The Helen Keller Alliance
E very morning, Abby ran her fingers over the cluster of raised dots on the sign outside her office door.
Dr. Abigael Gallant, Psychologist.
Above, serif letters spelled the same thing. She opened the door. “Morning, Cleo.”
“Morning, Abby. Got everything ready for you.”
“You always do.” She sniffed. “Morning, Ellie.”
“How do you always know I’m here?”
“I know.” The too-sweet scent of her intern’s perfume wafting in the air almost drowned out the rich aroma of coffee bubbling into the pot. Abby went into her office, unhooked Daisy’s halter and gave her guide dog a neck rub. Then she and Daisy settled at her desk.
Cleo brought her a cup of coffee. “Thanks. What would I do without you?”
“You’d do it all by yourself like you did before you hired me.”
“But you make it so much easier.”
“First appointment at nine,” Cleo said. “New patient. Luke McCallister. Cop. Sergeant Dykstra said he has issues. It’s all in the report.” Abby flipped the crystal on her watch to finger the time.
“Okay, I’ve read the report, but I’ll go over the information to refresh my memory.” Cleo left and Abby got to work, reading the Braille printout of Hub City detective Luke McCallister’s file. He’d lost his hearing in the line of duty, and issues was putting it mildly.
Half an hour later, Ellie knocked on the door. She came close to Abby’s desk and whispered. “McCallister’s here, and he’s a hunk.”
“Thanks for letting me know. Ask him if he’d mind waiting while I take a quick shower, change my clothes, and refresh my lipstick.”
“Show him in. Oh, and, Ellie, stop panting. You sound like a teenage boy in heat.”
Abby didn’t hear McCallister’s footsteps because he started speaking long before he reached the patient’s chair.
“Well,” he said, “put the two of us together and we have one Helen Keller.”
She breathed in the scent of sandalwood, and her highly-tuned antennae picked up on the nervous quiver in his words, even though the detective tried to conceal it with sarcasm.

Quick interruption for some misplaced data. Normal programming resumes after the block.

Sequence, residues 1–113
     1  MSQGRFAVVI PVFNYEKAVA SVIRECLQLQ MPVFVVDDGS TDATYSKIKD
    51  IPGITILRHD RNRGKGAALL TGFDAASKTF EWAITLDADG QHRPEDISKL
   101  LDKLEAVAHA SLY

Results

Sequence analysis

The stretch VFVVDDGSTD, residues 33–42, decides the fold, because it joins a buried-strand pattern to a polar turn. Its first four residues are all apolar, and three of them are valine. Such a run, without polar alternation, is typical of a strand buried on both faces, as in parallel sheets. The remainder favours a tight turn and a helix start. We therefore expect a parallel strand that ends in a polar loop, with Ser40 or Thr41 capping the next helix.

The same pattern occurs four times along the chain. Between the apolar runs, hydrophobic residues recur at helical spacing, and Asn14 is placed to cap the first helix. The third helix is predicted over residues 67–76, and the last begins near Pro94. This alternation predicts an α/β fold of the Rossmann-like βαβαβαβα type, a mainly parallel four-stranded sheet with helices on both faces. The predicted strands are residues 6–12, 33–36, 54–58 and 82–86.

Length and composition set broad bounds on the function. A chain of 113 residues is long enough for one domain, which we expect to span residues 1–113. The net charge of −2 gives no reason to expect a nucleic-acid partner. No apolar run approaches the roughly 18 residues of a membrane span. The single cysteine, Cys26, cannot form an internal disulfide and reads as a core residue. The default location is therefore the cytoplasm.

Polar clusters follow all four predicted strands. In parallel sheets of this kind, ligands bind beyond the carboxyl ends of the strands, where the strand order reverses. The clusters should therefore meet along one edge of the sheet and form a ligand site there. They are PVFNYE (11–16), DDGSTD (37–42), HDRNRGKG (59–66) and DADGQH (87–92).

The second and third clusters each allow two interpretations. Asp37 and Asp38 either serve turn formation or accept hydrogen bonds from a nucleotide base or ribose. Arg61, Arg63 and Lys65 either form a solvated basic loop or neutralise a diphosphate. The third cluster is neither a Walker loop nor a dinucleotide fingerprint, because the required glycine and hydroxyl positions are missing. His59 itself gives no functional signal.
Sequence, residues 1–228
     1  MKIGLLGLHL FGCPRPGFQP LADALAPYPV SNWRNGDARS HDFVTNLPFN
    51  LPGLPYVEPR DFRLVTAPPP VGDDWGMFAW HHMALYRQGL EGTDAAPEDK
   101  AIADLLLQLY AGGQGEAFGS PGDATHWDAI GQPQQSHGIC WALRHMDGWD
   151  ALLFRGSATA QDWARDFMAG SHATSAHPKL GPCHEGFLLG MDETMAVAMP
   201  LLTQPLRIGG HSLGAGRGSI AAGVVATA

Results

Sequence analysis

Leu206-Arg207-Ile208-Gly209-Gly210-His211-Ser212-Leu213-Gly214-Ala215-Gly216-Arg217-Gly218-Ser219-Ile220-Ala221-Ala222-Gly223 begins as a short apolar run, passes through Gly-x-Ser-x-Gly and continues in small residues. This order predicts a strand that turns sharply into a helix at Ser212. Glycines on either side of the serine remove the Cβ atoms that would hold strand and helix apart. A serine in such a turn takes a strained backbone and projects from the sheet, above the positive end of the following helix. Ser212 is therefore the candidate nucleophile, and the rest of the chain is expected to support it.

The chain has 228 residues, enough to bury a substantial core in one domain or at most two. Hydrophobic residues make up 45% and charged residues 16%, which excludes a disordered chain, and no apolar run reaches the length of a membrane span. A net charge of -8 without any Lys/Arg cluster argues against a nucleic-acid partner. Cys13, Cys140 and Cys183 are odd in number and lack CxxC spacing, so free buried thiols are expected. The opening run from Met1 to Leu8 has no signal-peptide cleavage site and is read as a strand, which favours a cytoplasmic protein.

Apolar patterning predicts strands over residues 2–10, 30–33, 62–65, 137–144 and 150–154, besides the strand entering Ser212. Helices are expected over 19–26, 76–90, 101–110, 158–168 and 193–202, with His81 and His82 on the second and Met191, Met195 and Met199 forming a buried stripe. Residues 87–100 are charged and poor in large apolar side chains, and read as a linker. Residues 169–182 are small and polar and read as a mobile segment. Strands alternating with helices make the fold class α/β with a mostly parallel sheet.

She followed McCallister’s voice and faced in his direction. “Have a seat, Detective. I assume you read lips.”
The leather seat cushion whooshed as he sat. “Read ’ em , been known to kiss a few.”
Arrogant SOB. This is going to be a long hour. She moved to the chair opposite McCallister, offering her best nice-to-meet-you smile. “We’ll stay with the reading for now.” She wanted to say she never kissed on a first consultation, but the ethically questionable response would probably give this patient the wrong idea. “Do you have any hearing at all?”
“None at normal decibels. I would hear enough of a siren to know one is wailing, feel the vibration from a loud noise, but that’s about it.”
Because she specialized in counseling the disabled, she knew a good lip-reader took in the whole face. She enunciated her words. “I’m pretty good at following sounds, but you’ll need to tell me if I’m not facing you correctly. Ask me to repeat anything you don’t understand, okay?”
“Fine, thanks. My speech reading instructor said I was her quickest study, but I still understand only about forty percent. I fudge the rest. Sometimes I tune out, or if a person talks fast or turns away, I’m lost. It’s frustrating as hell. But if I can’t keep up or miss something, I’ll ask you to repeat.”
“Forty percent is better than good.”
“It still means I miss sixty percent.”
“We’ll work this out, and I can always write down anything you don’t understand. Now, your sergeant said you weren’t happy about counseling.”
He shifted in his seat. “I’m fighting hard to stay in the department. If I didn’t agree to see the shrink my bosses recommended, they’d have reason to can me.”
An honest response. “So, will this be a battle of wills or a forced collaboration? I say ‘forced’ because I’m used to working with people who want what I have to offer.”
Silence. Did he misinterpret her words or was he debating another smart-ass answer? She’d treated macho types before. Many relegated therapy to the weak-minded and struggled to adjust when faced with a life-altering disability. She waved her hand in the air. “Hel-lo. You haven’t slipped out on me yet, have you?”
“I thought you people could hear better. You didn’t hear me leave, did you?”
“ We people
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